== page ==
Outside of fiction, one of the most influential writers on postcolonialism from Algeria — indeed, from anywhere — was the Martinican philosopher and psychiatrist Frantz Fanon. He had already written Black Skin, White Masks, an important book on the psychology of race, when he moved to Algeria in 1953, the year before the uprising against French rule began. He joined the Front de Libération Nationale and devoted much of his life to supporting the independence movement, while writing an account of the war in A Dying Colonialism and the controversially radical The Wretched of the Earth, a more abstract account of the cultural and political struggles faced by decolonisation movements globally. He died in 1962, and remains one of the most significant philosophers to have written on the experiences and potential aims, both practical and psychological, of colonized peoples.
Following Algerian independence in 1962, writers turned to addressing the construction of a new Algerian identity in a state now separated, after more than 130 years, from France. Most prominent of the writers in this new movement is Assia Djebar, the pen-name of Fatima-Zohra Imalayen, whose 1960s novels Les enfants du nouveau monde and Les Alouettes naïves concern the actions and experiences of women during the war. She has since emerged as an important voice in both the postcolonial and feminist movements, and her 1985 novel L’Amour, La Fantasia uses a mix of fictional and revisionist history to undermine colonial and patriarchal attitudes, emphasizing the experience of women and the complexity of the relationship between a national and a personal identity. Djebar has also worked in film, and in 2005 became the first North African to be appointed to the Académie française.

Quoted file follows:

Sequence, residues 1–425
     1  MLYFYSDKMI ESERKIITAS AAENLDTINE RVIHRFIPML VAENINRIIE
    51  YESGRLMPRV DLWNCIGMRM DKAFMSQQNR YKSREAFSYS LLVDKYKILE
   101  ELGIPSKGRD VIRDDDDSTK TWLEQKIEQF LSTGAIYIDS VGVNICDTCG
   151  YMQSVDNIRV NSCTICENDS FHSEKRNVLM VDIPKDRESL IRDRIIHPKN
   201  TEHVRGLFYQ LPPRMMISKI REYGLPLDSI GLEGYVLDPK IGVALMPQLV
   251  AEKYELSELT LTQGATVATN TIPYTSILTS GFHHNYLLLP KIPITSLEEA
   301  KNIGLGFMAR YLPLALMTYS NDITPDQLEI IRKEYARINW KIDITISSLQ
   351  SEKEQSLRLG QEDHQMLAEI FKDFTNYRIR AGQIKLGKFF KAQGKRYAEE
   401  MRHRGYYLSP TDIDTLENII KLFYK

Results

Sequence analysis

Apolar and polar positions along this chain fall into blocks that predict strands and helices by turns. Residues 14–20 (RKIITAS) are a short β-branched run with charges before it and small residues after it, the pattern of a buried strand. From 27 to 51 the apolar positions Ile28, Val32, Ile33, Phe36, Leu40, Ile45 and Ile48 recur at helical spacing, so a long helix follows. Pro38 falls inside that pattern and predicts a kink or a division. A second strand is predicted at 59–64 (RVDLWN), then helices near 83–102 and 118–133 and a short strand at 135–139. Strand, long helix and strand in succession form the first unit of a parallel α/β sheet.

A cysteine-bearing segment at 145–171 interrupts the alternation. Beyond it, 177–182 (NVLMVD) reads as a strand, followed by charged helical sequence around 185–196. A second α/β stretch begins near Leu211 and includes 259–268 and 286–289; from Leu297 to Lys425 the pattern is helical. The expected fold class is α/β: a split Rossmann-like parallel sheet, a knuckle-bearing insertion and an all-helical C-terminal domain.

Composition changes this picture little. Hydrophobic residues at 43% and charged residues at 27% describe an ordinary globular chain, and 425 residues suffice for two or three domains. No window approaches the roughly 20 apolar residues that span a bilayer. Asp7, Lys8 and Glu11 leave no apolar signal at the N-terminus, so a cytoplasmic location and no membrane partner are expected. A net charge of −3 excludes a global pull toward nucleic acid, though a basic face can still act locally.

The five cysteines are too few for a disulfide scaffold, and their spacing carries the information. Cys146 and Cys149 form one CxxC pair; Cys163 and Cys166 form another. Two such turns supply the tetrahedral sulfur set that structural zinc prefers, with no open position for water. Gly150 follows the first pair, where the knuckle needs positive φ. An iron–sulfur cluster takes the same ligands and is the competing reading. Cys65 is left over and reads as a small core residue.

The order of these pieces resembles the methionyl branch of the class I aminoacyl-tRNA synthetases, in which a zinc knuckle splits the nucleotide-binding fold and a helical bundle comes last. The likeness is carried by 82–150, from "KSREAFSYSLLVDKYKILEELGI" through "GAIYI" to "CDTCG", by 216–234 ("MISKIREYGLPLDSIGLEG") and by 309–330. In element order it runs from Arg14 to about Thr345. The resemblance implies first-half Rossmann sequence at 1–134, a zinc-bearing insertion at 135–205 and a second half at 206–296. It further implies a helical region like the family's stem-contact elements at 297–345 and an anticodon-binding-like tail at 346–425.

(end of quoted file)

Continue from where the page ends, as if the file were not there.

Since the war, a significant political split has occurred in Algerian literature between those writing in French and those writing in Arabic. Though Fanon and others in the FLN had argued that French should be used by anti-colonial groups to subvert traditional power structures and assumptions, a strong contingent of Algerian writers see its use as inherently colonialist. One of the most vocal of these critics is Tahir Wattar, who wrote prolifically in Arabic about the experiences of ordinary Algerian people following independence. Though he supported the movement, many of his novels take a bleak view of post-independence Algeria, with works such as Al Laz (1974) and The Fisherman and the Palace (1980) criticizing those in power for failing to live up to their ideals.
In its later history, another event was to have a great impact on Algeria’s literary landscape: the civil war of the 1990s, between the Algerian government and Islamist rebel groups. Mohammed Moulessehoul was an officer in the Algerian army during the war, and witnessed first-hand many of its horrors, while also writing under the name of his wife, Yasmina Khadra. His novels depict the damage and bloodshed of the competing ideologies, and the attraction of radical Islamism to those alienated by the incompetence and hypocrisy of politicians. His early novels, such as In the Name of God, focused primarily on the situation in Algeria, but in more recent years — with the official end of hostilities in Algeria and their beginning elsewhere in the world — he has turned to similar themes in different locales, such as Iraq in The Sirens of Baghdad and Afghanistan in Swallows of Kabul.